Photography and writing by Lily Dozier
Scott Dye grew up in the farmhouse his grandfather built, now over a century ago, in Putnam County, Mo. Today, he lives in Columbia, but he still visits the house whenever he's able. Aside from Scott's visits, the house remains mostly unoccupied.
The atmosphere at the family's long-owned property has changed since his childhood, mostly due to a concentrated animal feeding operation (CAFO) that was built next door in the 1990s.
What stands out first is the stench. Even in the winter, on windy days, the smell of hog manure wafts across the rolling hills and onto Scott's property. This stench, Scott claims, is much worse on hot, muggy summer days.
CAFOs are proven to contribute to a reduction of air quality in the areas surrounding them, according to the CDC. The most common air pollutants that can be a risk to human health are ammonia, hydrogen sulfide and particulate matter. They can cause a variety of health issues, including inflammation, chemical burns, and respiratory problems.
However, what is less immediately noticeable than the smell is the impact CAFOs can have on water quality.
According to the CDC, groundwater can be contaminated in a variety of ways. First, water pollution can be caused by runoff from land application of manure as well as leaching from manure that has improperly been spread on land. Sometimes pollution can be caused more accidentally, such as via leaks or breaks in manure containment units.
States with high CAFO concentrations tend to experience around 20 to 30 serious water quality problems every year as a direct result of manure management issues, according to the EPA. In 2000, the EPA found that 29 states specifically identified animal feeding operations as contributing to decreased water quality.
Contamination of groundwater is a major concern, as the EPA estimates that 53% of the United States' population relies on groundwater for drinking water. Of this majority, many live in rural communities, who rely on groundwater at much higher rates than other parts of the population.
Aside from groundwater, CAFOs also tend to lead to increased rates of contamination in surface water, such as rivers, lakes and reservoirs.
This can be caused by storms or floods that cause manure storage lagoons to overflow into nearby bodies of water, including manmade ditches found in CAFOs or water that passes directly through farming areas.
Surface water contamination can cause a buildup of nitrates and other nutrients, such as ammonia, which causes oxygen depletion from water and can kill aquatic life.
Consistent and comprehensive water testing can help monitor pollutant levels and also help communities ensure their water sources are staying clean over time.
Scott also knows that if his samples show an increase in pollution, he is able to report those findings to the Department of Natural Resources in an attempt to fight back against the CAFO that ultimately led to his decision to leave his family's farm.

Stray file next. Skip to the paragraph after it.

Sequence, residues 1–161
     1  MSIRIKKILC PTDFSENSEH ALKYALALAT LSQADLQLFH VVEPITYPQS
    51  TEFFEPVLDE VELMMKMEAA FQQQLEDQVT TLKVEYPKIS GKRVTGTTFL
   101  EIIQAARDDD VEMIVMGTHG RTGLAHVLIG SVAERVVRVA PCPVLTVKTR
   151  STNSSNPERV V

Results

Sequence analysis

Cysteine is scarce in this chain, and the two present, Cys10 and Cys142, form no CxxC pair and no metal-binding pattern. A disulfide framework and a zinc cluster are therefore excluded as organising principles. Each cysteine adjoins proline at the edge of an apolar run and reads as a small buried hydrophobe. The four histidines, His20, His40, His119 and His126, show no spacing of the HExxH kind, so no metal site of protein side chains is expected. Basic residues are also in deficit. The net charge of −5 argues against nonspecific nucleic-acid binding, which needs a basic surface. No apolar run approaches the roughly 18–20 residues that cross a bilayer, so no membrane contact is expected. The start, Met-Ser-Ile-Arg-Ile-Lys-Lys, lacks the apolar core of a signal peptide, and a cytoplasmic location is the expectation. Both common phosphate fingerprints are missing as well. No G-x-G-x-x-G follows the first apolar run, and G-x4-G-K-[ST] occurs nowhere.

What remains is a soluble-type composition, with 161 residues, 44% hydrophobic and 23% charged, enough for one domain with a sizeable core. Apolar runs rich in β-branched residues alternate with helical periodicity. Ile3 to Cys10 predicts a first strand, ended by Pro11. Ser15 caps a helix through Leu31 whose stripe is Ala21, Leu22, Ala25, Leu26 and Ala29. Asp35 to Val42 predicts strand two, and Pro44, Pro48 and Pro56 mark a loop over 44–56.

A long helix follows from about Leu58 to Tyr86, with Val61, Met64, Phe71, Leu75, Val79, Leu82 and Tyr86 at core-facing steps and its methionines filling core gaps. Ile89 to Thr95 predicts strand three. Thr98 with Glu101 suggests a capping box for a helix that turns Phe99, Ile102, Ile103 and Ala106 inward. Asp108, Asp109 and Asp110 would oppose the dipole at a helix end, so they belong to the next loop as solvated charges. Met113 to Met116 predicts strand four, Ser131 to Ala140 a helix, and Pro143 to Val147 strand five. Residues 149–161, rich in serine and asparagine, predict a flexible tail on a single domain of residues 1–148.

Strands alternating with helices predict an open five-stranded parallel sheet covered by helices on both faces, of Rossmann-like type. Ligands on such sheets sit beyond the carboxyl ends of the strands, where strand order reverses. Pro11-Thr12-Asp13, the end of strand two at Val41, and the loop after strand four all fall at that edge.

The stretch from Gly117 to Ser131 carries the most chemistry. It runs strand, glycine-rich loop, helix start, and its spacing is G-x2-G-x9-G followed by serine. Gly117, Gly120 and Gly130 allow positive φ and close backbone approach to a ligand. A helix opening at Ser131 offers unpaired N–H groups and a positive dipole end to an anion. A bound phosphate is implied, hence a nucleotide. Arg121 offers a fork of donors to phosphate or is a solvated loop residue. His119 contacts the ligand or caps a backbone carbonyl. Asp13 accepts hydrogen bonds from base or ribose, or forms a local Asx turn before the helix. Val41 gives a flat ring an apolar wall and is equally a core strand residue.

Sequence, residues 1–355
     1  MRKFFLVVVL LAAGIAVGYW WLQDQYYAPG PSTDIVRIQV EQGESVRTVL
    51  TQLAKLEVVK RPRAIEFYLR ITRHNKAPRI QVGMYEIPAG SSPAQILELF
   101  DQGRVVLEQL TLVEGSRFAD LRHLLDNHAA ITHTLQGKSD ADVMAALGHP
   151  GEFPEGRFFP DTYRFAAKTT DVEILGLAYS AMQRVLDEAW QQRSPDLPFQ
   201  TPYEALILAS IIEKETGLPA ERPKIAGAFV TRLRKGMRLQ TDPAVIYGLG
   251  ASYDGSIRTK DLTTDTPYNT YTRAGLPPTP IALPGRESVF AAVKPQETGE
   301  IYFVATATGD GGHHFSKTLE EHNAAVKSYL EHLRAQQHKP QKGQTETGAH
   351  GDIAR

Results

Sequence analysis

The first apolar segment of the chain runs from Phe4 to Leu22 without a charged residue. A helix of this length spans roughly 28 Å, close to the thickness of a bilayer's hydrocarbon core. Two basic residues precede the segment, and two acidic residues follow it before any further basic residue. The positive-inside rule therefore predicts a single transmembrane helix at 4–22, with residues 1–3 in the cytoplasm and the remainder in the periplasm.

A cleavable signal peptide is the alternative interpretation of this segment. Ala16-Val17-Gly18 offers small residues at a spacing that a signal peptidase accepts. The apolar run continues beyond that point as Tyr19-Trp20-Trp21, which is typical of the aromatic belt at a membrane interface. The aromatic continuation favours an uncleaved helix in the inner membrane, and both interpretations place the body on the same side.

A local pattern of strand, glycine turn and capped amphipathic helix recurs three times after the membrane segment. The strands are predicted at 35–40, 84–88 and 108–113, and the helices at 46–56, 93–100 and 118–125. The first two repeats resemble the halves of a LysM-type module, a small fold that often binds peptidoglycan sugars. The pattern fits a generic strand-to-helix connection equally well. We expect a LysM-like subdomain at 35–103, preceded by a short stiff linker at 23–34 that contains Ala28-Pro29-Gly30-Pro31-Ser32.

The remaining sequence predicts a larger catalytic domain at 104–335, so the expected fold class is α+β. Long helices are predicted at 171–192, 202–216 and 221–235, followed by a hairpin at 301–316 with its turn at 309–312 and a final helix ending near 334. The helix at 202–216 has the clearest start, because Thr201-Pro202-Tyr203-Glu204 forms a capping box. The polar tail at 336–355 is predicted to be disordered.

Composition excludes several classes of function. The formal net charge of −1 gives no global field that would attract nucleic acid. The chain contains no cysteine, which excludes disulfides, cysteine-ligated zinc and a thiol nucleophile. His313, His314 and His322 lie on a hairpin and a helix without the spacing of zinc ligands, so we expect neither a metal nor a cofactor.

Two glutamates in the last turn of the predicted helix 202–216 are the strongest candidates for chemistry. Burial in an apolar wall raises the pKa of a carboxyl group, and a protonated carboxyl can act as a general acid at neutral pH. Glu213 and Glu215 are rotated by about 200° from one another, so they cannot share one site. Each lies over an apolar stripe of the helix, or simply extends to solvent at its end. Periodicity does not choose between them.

While he has had little luck working with the DNR, he still tests the water on his property regularly to ensure it remains healthy.
Susan Williams and her friend, Tena Potts, spend many weekends testing the water in a creek near their home in Cooper County, Mo. with their grandchildren.
Izzy Williams, 9, Justus Whitson, 12, and Malachi Whitson, 11, enjoy splashing downstream and finding snails while their grandmothers do the more mundane tasks, such as testing pH levels, water clarity, and checking salinity.
However, when it is time to sift the creek for small freshwater organisms, all three children scurry back up along the bank to help search. Finding and counting these freshwater organisms is unanimously the favorite part of testing the water for all three children.
The game is to find as many as possible. The water quality score– as far as its ability to support life– increases with the number of organisms they count.
For Susan and Tena, testing the water is more than a fun time with family.
Susan has been fighting the planned Tipton East CAFO, which would be built half a mile away from land owned by her son, for years. Alongside her son, she helps organize the Opponents of Cooper County CAFOs group, or OCCC. A private Facebook page for the organization lists 232 members.
Her main concern with the CAFO is that it would pollute groundwater, which she and her family members rely on for drinking water. She does not trust the DNR to protect the community's only water source from pollution if the Tipton East CAFO is built.
According to a previous Missourian review in 2020, she is right to be concerned. The Missouri Department of Natural Resources and local regulators often ignore or only impose small fines on CAFOs for environmental offenses, and allow them to keep their permits despite repeat offenses.
Then, in 2020, Gov. Mike Parson signed Senate Bill 391 into law. The bill makes it illegal for county commissions or local health departments to enforce any health regulations or ordinances related to CAFOs.
Even though there is no CAFO nearby yet, there are still benefits to testing the water.
If the EPA has a collection of water sample results from Cooper County prior to the CAFO being built, it makes it much easier to prove that the CAFO is the cause of increased pollution in the future.
Susan continues to test water near the proposed location for the Tipton East CAFO in hopes of strengthening that baseline data. Without support from state and local government, she worries the CAFO might be permitted to begin operations despite community backlash.
Her biggest fear is that her children and grandchildren will lose access to the clean outdoors environment they have grown up in. One day, she worries, it might not be safe for her grandchildren to splash downstream in the creek like they do today.
These photos were made to accompany a story written by a reporter for the Columbia Missourian. The original work was not published.